3. It’s possible to be more independent. I am beginning to think that I don’t need a teacher as much as a conversational partner. I can study textbooks, grammar and vocabulary on my own. What I need is someone who can help me to use what I’ve learned. I think that this takes some pressure off learning, because you can be more self-directed. Of course, for many people a more formal curriculum is motivating. I really needed that for my first few years studying Chinese. But I’m finding that I’m at the point that I don’t want to do any more homework with numbered exercises. I’d much rather discover a new grammar point while talking, and then go read about it on my own at the Chinese grammar wiki. This makes language learning more flexible and fun.

How do we as language learners deal with these challenges? I really respect Steve Kaufmann, a polyglot, who speaks Japanese, Chinese, Arabic and many other languages. One point that he makes is that it’s about spending time with the language, and not focusing on small victories or defeats. If you do, you’ll become dispirited. You won’t likely see much progress in the space of a month any more. But you will over a year. Kaufmann also argues that you need to vary your input method. If you keep focusing on just one approach -a tutor, a software platform, graded readers- you’ll burn out. I find this to have been really great advice, and try to consistently switch how I study, often more than once in a day. Lastly, Kaufmann says that you have to make language learning fun. Or you won’t do it. I actually think that’s the most important advice.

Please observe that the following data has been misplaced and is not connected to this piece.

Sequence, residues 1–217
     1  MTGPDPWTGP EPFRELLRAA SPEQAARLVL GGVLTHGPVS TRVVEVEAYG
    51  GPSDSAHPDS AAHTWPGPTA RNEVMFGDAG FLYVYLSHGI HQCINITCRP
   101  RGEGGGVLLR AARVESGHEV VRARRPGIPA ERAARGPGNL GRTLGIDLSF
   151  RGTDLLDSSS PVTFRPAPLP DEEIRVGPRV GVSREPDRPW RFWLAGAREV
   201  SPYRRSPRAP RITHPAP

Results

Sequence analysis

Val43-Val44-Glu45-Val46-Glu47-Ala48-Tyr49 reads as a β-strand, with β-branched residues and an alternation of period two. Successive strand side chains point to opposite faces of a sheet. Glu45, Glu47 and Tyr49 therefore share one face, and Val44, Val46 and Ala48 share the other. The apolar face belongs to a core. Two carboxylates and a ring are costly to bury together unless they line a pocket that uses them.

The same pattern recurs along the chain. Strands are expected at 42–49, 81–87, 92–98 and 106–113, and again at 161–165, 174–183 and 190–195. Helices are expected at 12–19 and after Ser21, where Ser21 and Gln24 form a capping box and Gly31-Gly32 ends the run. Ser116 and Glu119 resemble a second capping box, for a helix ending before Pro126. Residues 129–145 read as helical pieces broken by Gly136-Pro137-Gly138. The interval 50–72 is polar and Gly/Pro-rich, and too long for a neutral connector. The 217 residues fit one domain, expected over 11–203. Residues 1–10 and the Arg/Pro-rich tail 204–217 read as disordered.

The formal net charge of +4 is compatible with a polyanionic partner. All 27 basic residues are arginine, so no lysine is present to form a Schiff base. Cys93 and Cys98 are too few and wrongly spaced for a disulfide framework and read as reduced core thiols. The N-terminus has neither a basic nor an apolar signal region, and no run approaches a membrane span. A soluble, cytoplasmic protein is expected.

I always say the same thing about language learning. There are no short-cuts. You have to put in the time. Find a way that gives you joy; spend time with it regularly; and don’t take it too seriously. Just don’t give up.

Shawn Smallman, 2021

For language nerds- -if you are interested in how people learn a language -and the language acquisition model that many polyglots follow- I recommend Matt in Japan’s channel. You can see a brief video about Matt’s learning journey and experience here.

The warning signs in Hong Kong

In 2017 I traveled to Hong Kong to do research for a paper about the pandemic risks posed by wet markets (marketplaces which sold and slaughtered live animals). I traveled to wet markets large and small, and took notes on their practices and clientele. I also interviewed public health experts and doctors about the territories system to control avian influenza in poultry.